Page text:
15. Pattie, RN says:

    Southern US by any chance?? Looks like fire ant bites to me, and they get weepy (as on the foot) after they pop up as discrete little papules (like the hand). And at all times THEY HURT LIKE LIVING HELLFIRE!!!

  16. kris says:

    ugh, i get that every summer! it’s one of the worst parts of having eczema…

  17. William the Coroner says:

    Looks like electrical burns to me.

  18. Hawkeye says:

    I read the first link (e-medicine) about this condition. Am I the only one who laughed out loud when it said “Hands are involved solely in 80% of patients, feet solely in 10%”

    Feet? Solely?

    Oh, nevermind…….

  19. Ted says:

    It’s hand, foot, mouth, (and butt) disease. Can’t recall the causative virus off the top of my head.

  20. BigD says:

    I have had this my entire life on and off and noone could tell me what is was. Thank you for posting this. (In my Doctor’s defense it is a very mild case that resolves quickly)

  21. Hyper Al says:

    The hand lesions looked like an ID reaction from the Atlete’s foot. Treat the Atlete’s foot and the hand lesions will resolve as well.

  22. Bart says:

    !!!dyshidrotic eczema !!! I have this on my foots and sometimes on palms. The one things which really help me – homeopathy.

    • Stephanie says:

      What do you use in the Homepathy line? My 1 year old son has this and on our 5th doctor we finally got a name for it. Everytime he sees another doctor they up his dosage of steroid ointment. And none of them have helped.

  23. kathy says:

    I have been dealing with this off and on for over 7 years. It is a form of eczema. I went to several doctors, spent lots of money of several different prescriptions that didn’t help. I originally thought it was athlete’s foot because I’d never had it and it itched like crazy so I bought an over the counter remedy. By the time I returned from a vacation in Hawaii the bottom of my foot was completely open and I worried they would amputate it in the emergency room or it would rot off. I now go to a dermatologist that seems to be able to temporarily relieve the symptoms, but he says it looks like I have a chronic case. The biggest problem came last year when it got so aggravated (especially since it is on the bottom of your feet and does affect the hands) and my entire calf turned red, was hot to the touch, and I had a fever of 104.5. I was in the emergency room for almost a week and on home IV’s for over a month fighting cellulitis. This can become a serious problem and so far nobody has been able to make it go away permanently. Stress can make it flare up, but I wish I knew what caused it in the first place. The remedies cause side effects…get rid of one problem and replaced it with others. I worry that my body eventually won’t respond to the meds since they keep increasing the dosage.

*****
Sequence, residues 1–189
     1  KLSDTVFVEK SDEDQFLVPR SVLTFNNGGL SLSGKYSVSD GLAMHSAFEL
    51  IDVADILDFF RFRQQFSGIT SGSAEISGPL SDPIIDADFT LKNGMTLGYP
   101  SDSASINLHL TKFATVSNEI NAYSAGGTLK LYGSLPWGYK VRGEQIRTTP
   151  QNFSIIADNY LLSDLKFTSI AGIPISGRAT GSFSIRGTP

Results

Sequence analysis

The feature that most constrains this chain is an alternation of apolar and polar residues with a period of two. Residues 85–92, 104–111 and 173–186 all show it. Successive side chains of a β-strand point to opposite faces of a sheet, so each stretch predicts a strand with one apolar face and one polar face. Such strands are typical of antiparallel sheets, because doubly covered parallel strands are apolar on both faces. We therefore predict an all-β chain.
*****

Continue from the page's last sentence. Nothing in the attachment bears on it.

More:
24. Kristee says:

    This is Dyshidrotic Eczema. My hands and feet look exactly like the photo above and i have suffered from it for 16 years. I too have been paraded around to medical students and doctors who just scratch their heads. I found out what i had on the internet!!! My breakouts occur seasonally. I also suffer from Discoid eczema on my legs and arms. The hand and foot eczema is worse in the Spring when the pollen comes out. The Discoid eczema starts in the winter and carries on through the spring until the pollen goes away. I find that bronzing (tanning beds) help my arm and leg eczema disappear, but the hand and foot one just has to take it’s course. It sucks!!!! And i am forever looking for cures.

    • Melissa says:

      I just went to my urgent care doc thinking I was going to scratch my foot off… She diagnosed it as dyshydrotic eczema and sent me home with a strong steroid cream. Said to use it 2x/day for 2 weeks and it should be gone. If it isn’t, I’m supposed to start a round of Prednisone. 24 hours on the cream and I no longer itch!!!!! :) Good luck finding a cure, but I suggest this route!

  25. drdent says:

    I would say treat the patient with an oral anti-fungal to rule out a fungal infection; this is usually quicker than waiting for culture results. But from the looks of it I would say pustular psoriasis or dyshidrosis.

  26. YVerne says:

    Wow…I’m dealing with this right now as I type =)Dyshidrotic Eczema and it sucks I’ve been dealing with it for like 3 or 4 years every since I moved to Puerto Rico it has gotten worse…I would love to know what is the general cause for it and if there is a cure so that it will stop reappearing as of right now I’m applying Betamethasone Dipropionate and Ketoconazole and trying to do everything and anything to get rid of it…ugh…any other suggestions…I have pics too.